Based on previous spacecraft missions to Saturn (with Saturn as the final destination, a “stop”, or a landmark on the journey to other planets), we’ve seen a range of answers depending on the factors of each trip with most being about 4-6 years and a record-breaking 2 years and 4 months when the newest of the spacecrafts (New Horizons) passed Saturn’s orbit. For humans though, it would likely take closer to 8-12 years to safely travel there due to what our bodies can withstand, but that number will likely decrease due to innovations by the time we are actually considering sending a human to the famous ringed sixth planet or one of its moons.
If one thing is clear from calculating the time it would take to get to Saturn, it is that human ingenuity allows us to accomplish amazing feats and surpass even what were once our greatest achievements. Within the next decade or two, this timetable could be very different, and that is the beauty of scientific progress.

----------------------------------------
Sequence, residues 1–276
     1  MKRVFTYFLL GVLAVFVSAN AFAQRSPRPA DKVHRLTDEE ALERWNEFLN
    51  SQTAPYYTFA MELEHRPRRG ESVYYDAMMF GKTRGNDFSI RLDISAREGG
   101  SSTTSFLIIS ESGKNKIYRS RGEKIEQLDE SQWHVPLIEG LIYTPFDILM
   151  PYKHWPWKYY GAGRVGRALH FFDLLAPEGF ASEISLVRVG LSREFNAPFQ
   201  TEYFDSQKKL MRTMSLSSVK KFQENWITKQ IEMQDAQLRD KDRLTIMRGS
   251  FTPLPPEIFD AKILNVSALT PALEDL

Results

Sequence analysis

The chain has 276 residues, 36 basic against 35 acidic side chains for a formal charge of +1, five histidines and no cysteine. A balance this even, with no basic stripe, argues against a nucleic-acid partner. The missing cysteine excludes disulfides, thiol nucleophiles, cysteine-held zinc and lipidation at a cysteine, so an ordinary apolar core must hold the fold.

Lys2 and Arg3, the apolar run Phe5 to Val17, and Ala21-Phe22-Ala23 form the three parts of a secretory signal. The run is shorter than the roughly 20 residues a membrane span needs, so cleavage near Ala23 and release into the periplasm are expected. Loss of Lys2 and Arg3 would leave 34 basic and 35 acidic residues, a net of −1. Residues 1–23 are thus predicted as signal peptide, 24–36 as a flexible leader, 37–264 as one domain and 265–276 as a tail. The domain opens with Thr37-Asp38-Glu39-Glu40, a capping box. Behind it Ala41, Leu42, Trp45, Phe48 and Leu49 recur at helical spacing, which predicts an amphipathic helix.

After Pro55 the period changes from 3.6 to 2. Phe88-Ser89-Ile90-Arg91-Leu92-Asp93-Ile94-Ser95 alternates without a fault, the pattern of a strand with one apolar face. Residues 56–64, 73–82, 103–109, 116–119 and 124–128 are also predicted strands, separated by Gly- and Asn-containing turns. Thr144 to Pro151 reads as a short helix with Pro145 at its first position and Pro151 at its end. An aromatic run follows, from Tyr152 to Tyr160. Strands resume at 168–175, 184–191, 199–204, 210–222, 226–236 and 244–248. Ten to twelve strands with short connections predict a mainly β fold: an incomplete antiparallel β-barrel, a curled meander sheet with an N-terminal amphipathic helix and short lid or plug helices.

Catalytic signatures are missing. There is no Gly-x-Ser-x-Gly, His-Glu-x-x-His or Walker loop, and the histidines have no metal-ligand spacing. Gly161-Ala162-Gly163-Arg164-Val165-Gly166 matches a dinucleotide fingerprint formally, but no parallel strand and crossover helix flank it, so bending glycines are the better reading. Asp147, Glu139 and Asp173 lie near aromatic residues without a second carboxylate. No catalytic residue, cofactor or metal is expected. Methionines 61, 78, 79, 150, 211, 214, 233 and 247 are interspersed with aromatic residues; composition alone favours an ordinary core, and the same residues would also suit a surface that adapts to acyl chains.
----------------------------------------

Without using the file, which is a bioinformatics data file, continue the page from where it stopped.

Sarah Hoffschwelle is a freelance writer who covers a combination of topics including astronomy, general science and STEM, self-development, art, and societal commentary. In the past, Sarah worked in educational nonprofits providing free-choice learning experiences for audiences ages 2-99. As a lifelong space nerd, she loves sharing the universe with others through her words. She currently writes on Medium at https://medium.com/@sarah-marie and authors self-help and children’s books.
Wow! There's more to read 🚀
This page is part of our collection of astronomy articles. If you enjoyed the read, then you’ll love the following articles.